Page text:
Somalia, 27 July 2012: Field Diary: Recovering from a brush with death
One year ago, on 20 July 2011, the United Nations declared famine in two regions of southern Somalia, the flashpoint in a humanitarian crisis gripping the Horn of Africa. After an outpouring of international support, the famine ended in February 2012, and countless lives across the region were saved. But 8 million people in Somalia, Ethiopia and Kenya remain in need of humanitarian assistance, and UNICEF’s relief efforts must continue. Freelance journalist Abdi Aziiz Abdi Nur, in Mogadishu, Somalia, reports on those affected.
By Abdi Aziiz Abdi Nur
MOGADISHU, Somalia, 27 July 2012 – In September 2011, two months after famine was officially declared in the Horn of Africa by the United Nations, I was in the southern region of Somalia – the hardest-hit area.
Memories of the famine-stricken
When I arrived at the makeshift camp in Hodan District, hundreds of people were queuing in food distribution lines. Others were wandering, not sure where to go. Everyone was shocked and frustrated.
The guards at the site were pushing the women around, forcing them forward or out of the way. They were untrained, and had no care for the dignity of these women and their children.
At this time, I was visiting many camps, speaking to people fleeing drought and famine. In the camp, they were coming from Bay, Bakol and Lower Shabelle – thousands of new arrivals every day – arriving in Mogadishu by foot, seeking life. Places that were empty, wild land were becoming entire cities.
As I was taking photos and speaking to people, I heard a baby crying. The cries of hungry children were not new to me, but something about this cry grabbed me.
“He stayed in the hospital about 29 days until he recovered,” she later told me. “I didn’t think that he would make it. His brother is buried around here, and that memory is always with me.”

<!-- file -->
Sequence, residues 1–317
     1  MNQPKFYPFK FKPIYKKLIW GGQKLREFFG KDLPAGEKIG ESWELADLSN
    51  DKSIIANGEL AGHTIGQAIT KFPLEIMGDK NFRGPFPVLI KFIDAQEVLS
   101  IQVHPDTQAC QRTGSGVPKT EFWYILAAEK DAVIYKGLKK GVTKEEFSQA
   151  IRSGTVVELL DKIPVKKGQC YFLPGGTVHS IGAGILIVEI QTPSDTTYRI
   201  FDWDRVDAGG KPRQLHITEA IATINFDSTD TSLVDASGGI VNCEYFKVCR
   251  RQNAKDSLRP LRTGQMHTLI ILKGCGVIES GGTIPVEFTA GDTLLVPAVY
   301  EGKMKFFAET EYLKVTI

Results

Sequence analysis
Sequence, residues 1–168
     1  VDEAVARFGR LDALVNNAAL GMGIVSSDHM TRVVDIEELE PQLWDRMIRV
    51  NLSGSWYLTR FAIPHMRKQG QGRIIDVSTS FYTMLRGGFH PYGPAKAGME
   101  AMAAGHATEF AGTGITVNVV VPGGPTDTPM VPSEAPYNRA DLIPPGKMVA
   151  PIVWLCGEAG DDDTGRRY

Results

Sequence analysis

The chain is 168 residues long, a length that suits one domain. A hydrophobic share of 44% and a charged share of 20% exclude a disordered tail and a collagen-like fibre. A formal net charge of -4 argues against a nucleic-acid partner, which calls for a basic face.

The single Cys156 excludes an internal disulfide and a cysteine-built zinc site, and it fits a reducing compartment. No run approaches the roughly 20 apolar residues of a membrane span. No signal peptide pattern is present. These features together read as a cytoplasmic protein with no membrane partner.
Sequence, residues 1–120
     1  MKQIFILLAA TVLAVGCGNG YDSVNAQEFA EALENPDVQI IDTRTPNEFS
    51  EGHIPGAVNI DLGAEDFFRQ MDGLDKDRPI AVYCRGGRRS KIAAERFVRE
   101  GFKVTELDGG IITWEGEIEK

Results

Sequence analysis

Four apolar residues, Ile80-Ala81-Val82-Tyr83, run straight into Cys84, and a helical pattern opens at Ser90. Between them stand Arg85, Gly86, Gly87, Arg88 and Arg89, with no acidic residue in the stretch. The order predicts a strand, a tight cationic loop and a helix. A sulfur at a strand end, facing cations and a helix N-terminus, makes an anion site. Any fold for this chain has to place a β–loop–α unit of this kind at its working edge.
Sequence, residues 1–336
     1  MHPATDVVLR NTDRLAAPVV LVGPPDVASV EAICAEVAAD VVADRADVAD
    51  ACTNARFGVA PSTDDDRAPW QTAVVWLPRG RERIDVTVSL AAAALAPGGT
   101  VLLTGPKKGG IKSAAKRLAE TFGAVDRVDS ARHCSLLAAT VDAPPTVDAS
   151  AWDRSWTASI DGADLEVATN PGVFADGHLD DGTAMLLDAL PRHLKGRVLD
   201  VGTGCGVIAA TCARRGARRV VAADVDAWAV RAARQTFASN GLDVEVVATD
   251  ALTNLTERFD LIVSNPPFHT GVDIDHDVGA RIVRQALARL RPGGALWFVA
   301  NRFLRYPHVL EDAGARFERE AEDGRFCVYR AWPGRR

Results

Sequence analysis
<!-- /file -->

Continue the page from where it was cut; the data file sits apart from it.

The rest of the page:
I found the crying child, 4-year-old Abdi, in a make-shift hut, covered in torn clothing. His mother, Nuriyo Qorhse Osman, was worried their situation.
Ms. Osman told me that where she lived in Ali Futow in Lower Shabelle, she had 200 cows, and she was a prominent woman there. “I never thought that this could happen,” she said. “And here in Mogadishu, there is no relief, no food, it is like this, and children die of hunger.”
Abdi’s cries began to subside as I gave him water with sugar, but the signs of malnutrition were visible on his little body.
Ms. Osman had already lost her 8-year-old son to measles on the way to Mogadishu. “Nobody supports us… no farms, no life and I don’t know where to go,” she said.
Three days later, Abdi was taken by an NGO to a medical clinic in the centre of the city, where he received care.
‘He can now walk’
Five months have passed since Abdi left the clinic. For months Ms. Osman continued to feed him therapeutic nutritional paste and followed doctors’ orders. “He can now walk – no one thought it would happen,” she said. But life has remained difficult.
To meet the needs of her three children, Ms. Osman found work in Bakara, Somalia’s biggest and busiest market. She goes to the market early in the morning, leaving her children alone in the camp all day, returning in the evening with her US$1 earnings, happy knowing that with this she can make dinner for her children. But it is not an existence she wants for the future. “I would have liked to be relocated and supported,” she said. “I want to return [home] if there is help.”
Abdi is 5 years old now. He smiles and greets people, as if last year’s brush with death never happened. He is making plans to celebrate with his friends on the upcoming Eid al-fitr.
I can say the situation has improved because when you are in Mogadishu’s camps, you hear people discussing marriage and the future, whereas last year everybody was discussing who was going to die.
Not everything is fine, and there are many dangers and challenges ahead, but little by little, it does seem to be getting better.
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